Building a slide deck, pitch, or presentation? Here are the big takeaways:
- The flip-up ASUS Windows Mixed Reality Headset HC102 is now available for sale at $429.
- The ASUS Windows Mixed Reality Headset HC102 requires no external sensors, which could make it an attractive option for traveling marketing teams.
The ASUS Windows Mixed Reality Headset HC102 is now officially for sale, retailing for $429 on the company's website and from other authorized retailers. The headset features a unique flip-up design that allows the user to switch between virtual reality (VR) and the real world seamlessly.
While the design of the ASUS headset seems familiar, its convertible nature could make it more useful as a business training tool. Employees could quickly switch between a live class and a virtual training environment, for example.
ASUS originally unveiled the headset alongside a Chromebox and some mini PCs at CES 2018. According to a press release announcing its availability, the ASUS Windows Mixed Reality Headset HC102 only takes 10 minutes to set up, which could add to its enterprise appeal.
SEE: Virtual and augmented reality policy (Tech Pro Research)
The new headset also requires no external sensors to create a virtual environment for the user. This could make the device easier to travel with and more readily usable at trade shows and marketing events. It also means that users aren't stuck in a pre-defined area when exploring VR, the release said.
The ASUS HC102 is built on the Windows Mixed Reality experience. It features a 3K (2880 x 1440) resolution display and up to a 90Hz refresh rate, the release said. As such, users will be able to access more than 20,000 Windows apps and more than 2,000 Steam VR titles, the release said.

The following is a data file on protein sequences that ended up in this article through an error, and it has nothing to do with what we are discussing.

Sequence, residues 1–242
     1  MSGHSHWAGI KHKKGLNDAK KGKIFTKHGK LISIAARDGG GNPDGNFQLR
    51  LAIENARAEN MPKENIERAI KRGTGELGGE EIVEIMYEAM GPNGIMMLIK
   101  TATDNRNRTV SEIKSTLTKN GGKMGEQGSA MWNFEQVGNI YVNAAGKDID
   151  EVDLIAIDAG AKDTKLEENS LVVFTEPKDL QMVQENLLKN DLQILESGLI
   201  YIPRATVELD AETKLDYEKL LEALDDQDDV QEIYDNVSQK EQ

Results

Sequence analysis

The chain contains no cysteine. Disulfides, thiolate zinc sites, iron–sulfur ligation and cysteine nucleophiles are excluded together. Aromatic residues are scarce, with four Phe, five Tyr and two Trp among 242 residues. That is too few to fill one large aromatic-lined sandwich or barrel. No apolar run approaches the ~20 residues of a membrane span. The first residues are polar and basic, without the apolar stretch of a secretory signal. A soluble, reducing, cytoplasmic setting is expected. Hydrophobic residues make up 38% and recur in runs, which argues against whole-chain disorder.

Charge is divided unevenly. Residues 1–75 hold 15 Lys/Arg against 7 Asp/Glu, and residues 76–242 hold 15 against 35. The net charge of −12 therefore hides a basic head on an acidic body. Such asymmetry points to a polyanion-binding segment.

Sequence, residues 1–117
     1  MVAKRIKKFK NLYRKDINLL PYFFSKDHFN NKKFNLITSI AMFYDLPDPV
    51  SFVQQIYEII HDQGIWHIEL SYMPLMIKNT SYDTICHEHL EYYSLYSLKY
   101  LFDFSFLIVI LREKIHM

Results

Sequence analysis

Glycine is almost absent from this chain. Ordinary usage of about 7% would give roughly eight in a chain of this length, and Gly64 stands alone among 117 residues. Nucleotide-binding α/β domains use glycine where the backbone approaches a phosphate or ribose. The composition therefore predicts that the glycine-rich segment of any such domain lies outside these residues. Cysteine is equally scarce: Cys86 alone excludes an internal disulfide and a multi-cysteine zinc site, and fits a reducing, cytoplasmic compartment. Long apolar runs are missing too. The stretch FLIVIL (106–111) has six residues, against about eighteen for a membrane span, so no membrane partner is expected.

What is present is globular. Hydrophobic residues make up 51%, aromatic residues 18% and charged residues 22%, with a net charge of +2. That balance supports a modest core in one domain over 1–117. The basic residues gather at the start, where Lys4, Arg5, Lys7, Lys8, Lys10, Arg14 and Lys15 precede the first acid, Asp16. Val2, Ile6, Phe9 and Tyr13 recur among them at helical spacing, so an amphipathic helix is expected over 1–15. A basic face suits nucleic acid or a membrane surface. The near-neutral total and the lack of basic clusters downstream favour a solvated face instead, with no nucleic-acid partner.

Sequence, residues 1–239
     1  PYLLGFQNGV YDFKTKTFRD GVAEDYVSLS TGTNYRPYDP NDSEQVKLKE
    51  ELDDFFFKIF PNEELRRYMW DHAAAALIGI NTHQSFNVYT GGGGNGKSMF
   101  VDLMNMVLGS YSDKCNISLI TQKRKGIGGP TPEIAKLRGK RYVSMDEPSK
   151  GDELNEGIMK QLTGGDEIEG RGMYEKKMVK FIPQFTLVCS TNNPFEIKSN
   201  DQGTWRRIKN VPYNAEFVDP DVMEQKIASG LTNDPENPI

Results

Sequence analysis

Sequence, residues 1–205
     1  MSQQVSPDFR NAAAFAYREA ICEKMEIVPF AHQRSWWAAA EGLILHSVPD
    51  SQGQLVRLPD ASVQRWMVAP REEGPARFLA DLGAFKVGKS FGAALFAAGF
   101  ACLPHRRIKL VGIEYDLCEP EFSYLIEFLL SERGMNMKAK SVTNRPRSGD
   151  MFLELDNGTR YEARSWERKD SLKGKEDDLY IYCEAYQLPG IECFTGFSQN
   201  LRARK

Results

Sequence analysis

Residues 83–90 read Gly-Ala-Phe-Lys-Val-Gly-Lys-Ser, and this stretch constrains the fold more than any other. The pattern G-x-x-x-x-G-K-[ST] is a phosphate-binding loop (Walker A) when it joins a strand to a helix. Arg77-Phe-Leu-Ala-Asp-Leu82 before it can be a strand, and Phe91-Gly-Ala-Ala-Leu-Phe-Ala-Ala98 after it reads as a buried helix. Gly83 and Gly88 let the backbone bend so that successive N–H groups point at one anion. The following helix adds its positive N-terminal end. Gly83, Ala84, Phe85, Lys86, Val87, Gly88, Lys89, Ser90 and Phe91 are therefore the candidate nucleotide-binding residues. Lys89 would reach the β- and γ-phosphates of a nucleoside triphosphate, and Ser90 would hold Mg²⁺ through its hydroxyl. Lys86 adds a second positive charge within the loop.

The headset is accompanied by two wireless controllers, much like the HTC Vive headset. The HC102 has two front-facing cameras built into it with six-degrees-of-freedom (6DoF) position tracking, the release said. Each controller has 32 LED lights that allow the headset to track their movement.
Sensors such as a gyroscope, accelerometer, and magnetometer help orient the user in the virtual world, the release said. Tracking can be synced with no latency or distortion.
- Executive's guide to the business value of VR and AR (free ebook) (TechRepublic)
- Magic Leap shows off AR headset that ships in 2018 (ZDNet)
- Virtual reality for business: The smart person's guide (TechRepublic)
- VR and AR: The Business Reality (ZDNet)
- IBM Watson Unity SDK brings AI to enterprise AR and VR apps (TechRepublic)
Conner Forrest has nothing to disclose. He doesn't hold investments in the technology companies he covers.
Conner Forrest is a Senior Editor for TechRepublic. He covers enterprise technology and is interested in the convergence of tech and culture.